Theater

Belt-Daniels: Steel Beam Theatre's 'Silent Sky' is an inspirational story

A reviewer rarely can assert that a production is close to flawless, but Steel Beam Theatre’s “Silent Sky” is just that. It has a fluent script that is brilliantly acted by an ensemble of five, all superbly directed by Sean Patrick Hargadon. Even Jen Johnson’s simple, effective set design, Tiffany Jasinski’s celestial painting and Marge Uhlarik Boller’s costumes are impeccable supports.

“Silent Sky” is a period piece set in the early 1900s against the backdrop of Albert Einstein, World War I and the suffragette movement. Written by playwright Lauren Gunderson, the most produced playwright in America today, it’s a smart, funny, elegant, poignant and so very relevant bio-drama.

“Silent Sky” is a celebration of dreams, wonder and relationships as it unfolds the little known true story of Henrietta Leavitt, a headstrong and brilliant American astronomer. Her discoveries of Cepheid star patterns and luminosity have a profound and lasting effect to this day – Hubble telescope, anyone?

Leavitt was one of Harvard’s Dr. Edward Pickering’s “harem,” or women who worked at 30 cents an hour to catalog and measure stars whose ideas and work were dismissed until men claimed the credit. (Women at that time weren’t even allowed to use, let alone touch, Harvard’s Refractory telescope!)

Under Hargadon’s direction, “Silent Sky” shimmers and is a fast-paced historical drama with surprising humor. The cast is simply stellar. Paige Brantley is an outstanding Henrietta Leavitt. She’s fresh, articulate, emotive and totally credible in her character’s journey.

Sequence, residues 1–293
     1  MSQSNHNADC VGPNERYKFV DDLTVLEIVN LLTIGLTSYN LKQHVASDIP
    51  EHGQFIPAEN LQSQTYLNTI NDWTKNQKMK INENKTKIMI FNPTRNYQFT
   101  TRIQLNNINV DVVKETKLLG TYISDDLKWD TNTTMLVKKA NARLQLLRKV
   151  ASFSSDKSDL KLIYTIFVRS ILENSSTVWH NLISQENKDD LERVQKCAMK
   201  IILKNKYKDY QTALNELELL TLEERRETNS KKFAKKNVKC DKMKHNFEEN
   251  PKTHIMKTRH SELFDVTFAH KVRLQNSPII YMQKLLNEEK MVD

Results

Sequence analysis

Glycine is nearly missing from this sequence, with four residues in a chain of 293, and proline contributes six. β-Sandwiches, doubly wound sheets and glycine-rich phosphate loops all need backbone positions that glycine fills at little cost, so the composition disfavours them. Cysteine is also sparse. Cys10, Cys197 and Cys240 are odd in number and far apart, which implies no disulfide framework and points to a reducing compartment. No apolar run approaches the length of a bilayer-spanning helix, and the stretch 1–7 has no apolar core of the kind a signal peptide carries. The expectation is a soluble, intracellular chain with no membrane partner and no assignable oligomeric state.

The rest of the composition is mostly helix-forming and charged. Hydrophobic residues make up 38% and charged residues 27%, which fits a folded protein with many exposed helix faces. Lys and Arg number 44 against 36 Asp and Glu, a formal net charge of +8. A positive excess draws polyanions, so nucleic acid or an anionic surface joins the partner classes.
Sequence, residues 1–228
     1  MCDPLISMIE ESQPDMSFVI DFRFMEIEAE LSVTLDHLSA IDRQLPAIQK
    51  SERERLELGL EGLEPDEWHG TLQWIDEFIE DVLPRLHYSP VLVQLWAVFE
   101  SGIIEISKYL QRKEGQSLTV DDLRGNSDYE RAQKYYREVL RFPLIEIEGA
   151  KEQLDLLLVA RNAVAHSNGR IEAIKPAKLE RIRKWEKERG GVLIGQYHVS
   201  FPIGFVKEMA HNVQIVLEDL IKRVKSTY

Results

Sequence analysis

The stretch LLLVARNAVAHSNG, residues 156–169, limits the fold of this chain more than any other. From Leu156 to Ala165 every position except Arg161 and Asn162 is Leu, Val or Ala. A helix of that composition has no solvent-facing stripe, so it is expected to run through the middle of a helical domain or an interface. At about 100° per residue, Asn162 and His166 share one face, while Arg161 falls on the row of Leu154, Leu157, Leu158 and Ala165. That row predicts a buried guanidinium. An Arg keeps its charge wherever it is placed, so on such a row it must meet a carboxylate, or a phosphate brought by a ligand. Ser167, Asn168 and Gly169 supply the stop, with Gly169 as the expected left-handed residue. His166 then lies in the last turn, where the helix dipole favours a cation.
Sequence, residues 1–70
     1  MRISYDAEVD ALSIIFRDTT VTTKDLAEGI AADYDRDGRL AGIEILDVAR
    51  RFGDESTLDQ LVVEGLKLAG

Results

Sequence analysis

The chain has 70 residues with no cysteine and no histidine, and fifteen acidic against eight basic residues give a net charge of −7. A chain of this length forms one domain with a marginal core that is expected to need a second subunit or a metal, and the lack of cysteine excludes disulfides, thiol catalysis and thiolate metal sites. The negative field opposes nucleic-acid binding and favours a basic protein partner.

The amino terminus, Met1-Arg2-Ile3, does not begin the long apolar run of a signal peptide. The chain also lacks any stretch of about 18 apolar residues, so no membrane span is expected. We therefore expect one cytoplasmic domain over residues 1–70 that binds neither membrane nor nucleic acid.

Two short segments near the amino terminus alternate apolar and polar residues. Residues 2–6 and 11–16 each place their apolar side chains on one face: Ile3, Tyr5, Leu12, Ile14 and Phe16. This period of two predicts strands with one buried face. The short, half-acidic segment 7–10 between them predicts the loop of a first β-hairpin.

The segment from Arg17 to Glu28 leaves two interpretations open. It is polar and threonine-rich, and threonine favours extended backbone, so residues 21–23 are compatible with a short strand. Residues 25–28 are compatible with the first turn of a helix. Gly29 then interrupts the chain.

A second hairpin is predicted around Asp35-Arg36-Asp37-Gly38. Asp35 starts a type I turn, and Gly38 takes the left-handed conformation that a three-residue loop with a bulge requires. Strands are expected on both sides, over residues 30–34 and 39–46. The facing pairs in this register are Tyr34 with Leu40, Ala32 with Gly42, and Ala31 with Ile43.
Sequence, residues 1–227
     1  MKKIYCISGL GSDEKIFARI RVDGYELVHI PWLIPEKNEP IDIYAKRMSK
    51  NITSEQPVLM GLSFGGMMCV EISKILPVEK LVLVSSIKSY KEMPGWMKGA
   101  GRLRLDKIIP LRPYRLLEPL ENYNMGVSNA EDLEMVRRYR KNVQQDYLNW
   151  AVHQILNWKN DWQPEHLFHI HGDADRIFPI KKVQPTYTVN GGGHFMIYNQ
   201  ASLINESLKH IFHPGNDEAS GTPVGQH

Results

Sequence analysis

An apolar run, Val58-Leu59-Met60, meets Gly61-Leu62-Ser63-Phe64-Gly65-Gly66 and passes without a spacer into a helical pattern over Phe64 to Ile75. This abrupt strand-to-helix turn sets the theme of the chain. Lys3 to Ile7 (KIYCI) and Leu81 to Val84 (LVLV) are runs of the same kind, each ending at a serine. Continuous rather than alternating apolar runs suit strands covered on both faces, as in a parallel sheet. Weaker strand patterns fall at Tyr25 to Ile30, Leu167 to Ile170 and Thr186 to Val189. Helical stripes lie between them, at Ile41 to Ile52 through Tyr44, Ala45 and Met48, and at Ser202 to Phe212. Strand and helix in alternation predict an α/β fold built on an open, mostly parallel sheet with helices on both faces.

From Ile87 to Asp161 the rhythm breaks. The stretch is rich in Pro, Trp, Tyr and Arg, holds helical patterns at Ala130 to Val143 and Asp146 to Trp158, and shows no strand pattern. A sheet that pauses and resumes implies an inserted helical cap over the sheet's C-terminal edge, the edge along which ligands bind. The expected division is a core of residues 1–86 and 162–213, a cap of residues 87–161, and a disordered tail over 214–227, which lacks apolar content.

Brantley’s talents illustrate the pleasure of performance and words. Her co-workers (or fellow “computers”) – the suffragette and meticulous Annie Cannon, creator of the Harvard Classification Scheme, and Williamina Fleming, discoverer of the Horsehead Nebula – are engagingly portrayed by Julie Bayer and Joann Smith.

They both are powerful actresses who add splashes of color to Leavitt’s journey. Jake Busse is socially awkward Peter Shaw, Henrietta’s love interest. His fumbling and bumbling delivery is magnificent, as well as his later maturation. Kassandra Hesek is Henrietta’s sister, Margaret; she touchingly portrays the road not taken with contentment and strength. And the chemistry between these five actors is fascinatingly palpable and consistent. 

“Silent Sky” is full of wonder and challenges, and as Leavitt’s ending monologue projects us into the future, you’ll believe “wonder will always get us there.”

• Regina Belt-Daniels is a happily working actress and director. A retired Crystal Lake Elementary School District 47 special educator and former Raue Center for the Arts board member, she currently serves on the boards of It’s Showtime Huntley and Right-Center-Left Production Co. She also was a 2018 Woman of Distinction. 

WHAT: “Silent Sky”

WHEN: Through Feb. 3

WHERE: Steel Beam Theatre, 111 W. Main St., St. Charles

COST: $22 to $28

INFO: 630-587-8521 or www.steelbeamtheatre.com

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